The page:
Preferably, the apparatus further comprises a probe controller for controlling a probe extending outwardly from said pin, for sensing a probe parameter related to the distance between the probe and the supporting anvil and for supplying a corresponding probe signal to said control unit. Advantageously, the probe parameter comprises probe force. Alternatively, or in addition, the probe parameter comprises probe position.

In a preferred embodiment, the shoulder position parameter comprises shoulder force. Alternatively, or in addition, the parameter comprises depth of shoulder penetration.

Preferably, the apparatus further comprises an actuator for moving the pin relative to the shoulder and the system further comprises a linear encoder for sensing the actual length of the pin, and the pin controller determines the difference between the actual pin length and a desired pin length and controls pin position based on this difference.

Advantageously, the control system further comprises a motion controller for controlling driving of the actuator, and the actuator includes an incremental encoder for supplying an actual velocity signal to the motion controller, the motion controller further receiving the pin length signal from the linear encoder.

The apparatus typically includes adjustable pin tool gearing driven by the actuator for determining the pin length and, preferably, the control system further comprises limit switches associated with the pin tool gearing for supplying limit signals to the motion controller.

Further features and advantages of the present invention will be set forth in, or apparent from, the detailed description of preferred embodiments thereof which follows.

BRIEF DESCRIPTION OF THE DRAWINGS

FIG. 1 is a highly schematic front elevational view, partially in section, of a friction stir welding apparatus incorporating a control system in accordance with a preferred embodiment of the invention;

FIG. 2 is a diagram showing a portion of the apparatus of FIG. 1 and is used in explanation of the operating parameters of the control system;

FIG. 3 is a flow diagram of the pin length controller system; and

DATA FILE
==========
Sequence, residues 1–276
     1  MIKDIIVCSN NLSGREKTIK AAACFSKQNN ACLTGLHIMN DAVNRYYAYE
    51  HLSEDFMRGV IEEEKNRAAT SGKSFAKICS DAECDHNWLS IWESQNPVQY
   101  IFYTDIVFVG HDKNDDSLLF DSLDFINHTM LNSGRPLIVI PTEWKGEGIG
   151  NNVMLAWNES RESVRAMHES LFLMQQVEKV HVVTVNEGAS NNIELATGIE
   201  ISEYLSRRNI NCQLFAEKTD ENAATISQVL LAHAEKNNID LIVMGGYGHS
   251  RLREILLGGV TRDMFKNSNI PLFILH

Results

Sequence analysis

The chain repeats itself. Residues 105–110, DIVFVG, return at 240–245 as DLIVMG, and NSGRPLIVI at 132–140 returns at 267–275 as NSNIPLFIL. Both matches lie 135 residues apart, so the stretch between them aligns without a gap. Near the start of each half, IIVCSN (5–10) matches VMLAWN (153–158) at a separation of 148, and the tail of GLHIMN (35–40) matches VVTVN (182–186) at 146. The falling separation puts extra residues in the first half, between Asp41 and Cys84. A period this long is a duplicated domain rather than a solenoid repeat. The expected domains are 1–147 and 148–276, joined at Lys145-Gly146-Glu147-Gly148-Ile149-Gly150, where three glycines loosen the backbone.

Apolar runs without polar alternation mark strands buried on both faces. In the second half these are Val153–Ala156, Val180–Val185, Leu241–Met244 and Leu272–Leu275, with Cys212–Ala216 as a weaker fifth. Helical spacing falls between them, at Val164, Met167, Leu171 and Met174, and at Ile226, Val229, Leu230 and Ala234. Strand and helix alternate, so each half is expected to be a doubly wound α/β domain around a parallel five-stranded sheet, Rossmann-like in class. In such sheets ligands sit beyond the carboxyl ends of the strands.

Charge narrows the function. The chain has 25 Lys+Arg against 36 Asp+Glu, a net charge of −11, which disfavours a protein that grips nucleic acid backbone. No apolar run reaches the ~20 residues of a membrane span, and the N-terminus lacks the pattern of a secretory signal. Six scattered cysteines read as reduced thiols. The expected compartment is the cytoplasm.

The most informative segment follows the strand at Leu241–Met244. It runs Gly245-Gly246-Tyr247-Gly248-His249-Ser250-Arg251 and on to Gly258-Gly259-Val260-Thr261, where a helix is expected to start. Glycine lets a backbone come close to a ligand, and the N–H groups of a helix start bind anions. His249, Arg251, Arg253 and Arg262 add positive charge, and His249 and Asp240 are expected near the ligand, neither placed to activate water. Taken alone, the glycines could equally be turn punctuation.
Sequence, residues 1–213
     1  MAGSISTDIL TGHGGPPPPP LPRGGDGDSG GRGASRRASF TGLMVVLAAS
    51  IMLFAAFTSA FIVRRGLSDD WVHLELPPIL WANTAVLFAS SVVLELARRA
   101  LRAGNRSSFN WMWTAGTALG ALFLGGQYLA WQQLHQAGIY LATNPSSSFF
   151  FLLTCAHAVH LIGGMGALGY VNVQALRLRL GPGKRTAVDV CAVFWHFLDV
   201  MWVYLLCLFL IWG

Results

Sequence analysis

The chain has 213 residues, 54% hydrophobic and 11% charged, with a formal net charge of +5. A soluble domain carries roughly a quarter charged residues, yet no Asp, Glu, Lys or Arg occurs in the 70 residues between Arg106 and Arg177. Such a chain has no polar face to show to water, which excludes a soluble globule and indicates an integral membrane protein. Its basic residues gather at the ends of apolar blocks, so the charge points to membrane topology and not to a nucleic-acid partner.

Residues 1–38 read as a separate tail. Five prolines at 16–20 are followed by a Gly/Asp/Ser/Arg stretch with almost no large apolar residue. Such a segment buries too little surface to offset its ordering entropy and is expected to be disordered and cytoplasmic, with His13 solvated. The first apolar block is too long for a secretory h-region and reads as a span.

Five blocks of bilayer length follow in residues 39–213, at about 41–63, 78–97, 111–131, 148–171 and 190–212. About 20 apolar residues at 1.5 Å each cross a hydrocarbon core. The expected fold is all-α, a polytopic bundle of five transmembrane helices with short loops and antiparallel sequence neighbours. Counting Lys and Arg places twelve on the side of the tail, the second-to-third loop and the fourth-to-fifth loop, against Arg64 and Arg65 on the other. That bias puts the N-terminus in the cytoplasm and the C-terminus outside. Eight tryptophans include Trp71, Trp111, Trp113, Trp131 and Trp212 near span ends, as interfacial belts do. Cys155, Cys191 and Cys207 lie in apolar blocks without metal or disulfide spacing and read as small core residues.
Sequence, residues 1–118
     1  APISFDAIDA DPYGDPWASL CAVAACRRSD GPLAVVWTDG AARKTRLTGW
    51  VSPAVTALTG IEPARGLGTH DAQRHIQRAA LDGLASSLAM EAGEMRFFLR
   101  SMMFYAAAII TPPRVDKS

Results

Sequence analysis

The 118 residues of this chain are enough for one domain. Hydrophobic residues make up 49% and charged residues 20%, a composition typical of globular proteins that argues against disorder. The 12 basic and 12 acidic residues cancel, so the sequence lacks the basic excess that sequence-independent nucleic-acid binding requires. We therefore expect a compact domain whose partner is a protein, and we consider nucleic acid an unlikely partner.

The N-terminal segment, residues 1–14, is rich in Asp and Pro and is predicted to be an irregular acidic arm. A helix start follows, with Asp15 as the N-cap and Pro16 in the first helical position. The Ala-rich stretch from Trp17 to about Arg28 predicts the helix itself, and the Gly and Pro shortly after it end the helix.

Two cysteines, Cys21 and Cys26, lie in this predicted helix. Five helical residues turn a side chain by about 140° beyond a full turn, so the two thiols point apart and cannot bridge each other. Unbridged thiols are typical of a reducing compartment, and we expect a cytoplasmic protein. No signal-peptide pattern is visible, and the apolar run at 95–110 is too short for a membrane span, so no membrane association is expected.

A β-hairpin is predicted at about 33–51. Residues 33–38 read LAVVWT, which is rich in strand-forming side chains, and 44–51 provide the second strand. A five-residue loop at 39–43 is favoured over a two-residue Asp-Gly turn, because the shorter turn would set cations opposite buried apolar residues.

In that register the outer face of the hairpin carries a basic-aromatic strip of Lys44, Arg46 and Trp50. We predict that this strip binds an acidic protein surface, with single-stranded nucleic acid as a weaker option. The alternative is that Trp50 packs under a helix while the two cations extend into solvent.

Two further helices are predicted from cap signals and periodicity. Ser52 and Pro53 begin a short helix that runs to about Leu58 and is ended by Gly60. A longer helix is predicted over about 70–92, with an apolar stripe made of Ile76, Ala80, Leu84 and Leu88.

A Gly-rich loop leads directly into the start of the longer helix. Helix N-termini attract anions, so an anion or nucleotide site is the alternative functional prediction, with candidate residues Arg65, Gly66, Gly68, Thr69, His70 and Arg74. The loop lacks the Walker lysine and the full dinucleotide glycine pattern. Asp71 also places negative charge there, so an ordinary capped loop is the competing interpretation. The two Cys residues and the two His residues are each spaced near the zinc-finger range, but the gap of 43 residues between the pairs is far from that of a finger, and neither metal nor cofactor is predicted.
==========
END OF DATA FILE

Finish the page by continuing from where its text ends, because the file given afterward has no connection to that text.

FIG. 4 is a flow diagram of the overall pin penetration control system.

DESCRIPTION OF THE PREFERRED EMBODIMENTS

Referring to FIG. 1, there is shown, in a highly schematic manner, a friction stir welding apparatus or system indicated generally at 10. The system 10 includes a pin tool 12 including a main housing 14, a shoulder 16, a stirring pin 18, and a probe 20. The pin tool 12 is a retractable pin tool of the type described in U.S. Pat. No. 5,893,507 (Ding et al). Reference is made to this patent for a more complete description of the pin tool itself. An actuator 22 controls extension pin 18 so that the threaded distal end thereof, denoted 18 a, enters into, and mechanically stirs, two contacting workpiece members. Only one of the workpiece members, denoted 24, is shown and for purposes of ease of description the workpiece formed by the workpiece members will be referred to as workpiece 24. As pin 18 enters workpiece 24 the shoulder 16 contacts and ultimately extends into the workpiece faces. As indicated above, friction stir welding is used to join two contacting workpieces together and, as the friction generated causes the metals to become plasticized and pressure is simultaneously applied, the pin 16 sinks or plunges into the metals. The rotating pin 16 is moved along the junction between the metals and the weld created thereby joins the metals. The workpieces indicated at 24 are supported by an anvil 26.

The friction stir weld system 10 includes an overall control unit indicated by block 28. The control unit 28 receives signals from a probe controller or control unit 30, a probe force sensor 32, a pin force sensor 36 (which can be located on the pin 18 and comprise a strain gauge, a piezoelectric force sensor or the like), a pin controller 34, a standoff sensor 38, a shoulder position controller (weld machine weldhead positioner) which is part of control unit 28, a shoulder force sensor 40, and a linear encoder 42. The welding machine controller unit 28 controls the operation of the friction stir welding system 10 based on these signals. It will be understood that the showing in FIG. 1 is highly schematic and that, further, probe controller 30, probe sensor 32 and the pin controller 34, among other units, can be part of the control unit 28.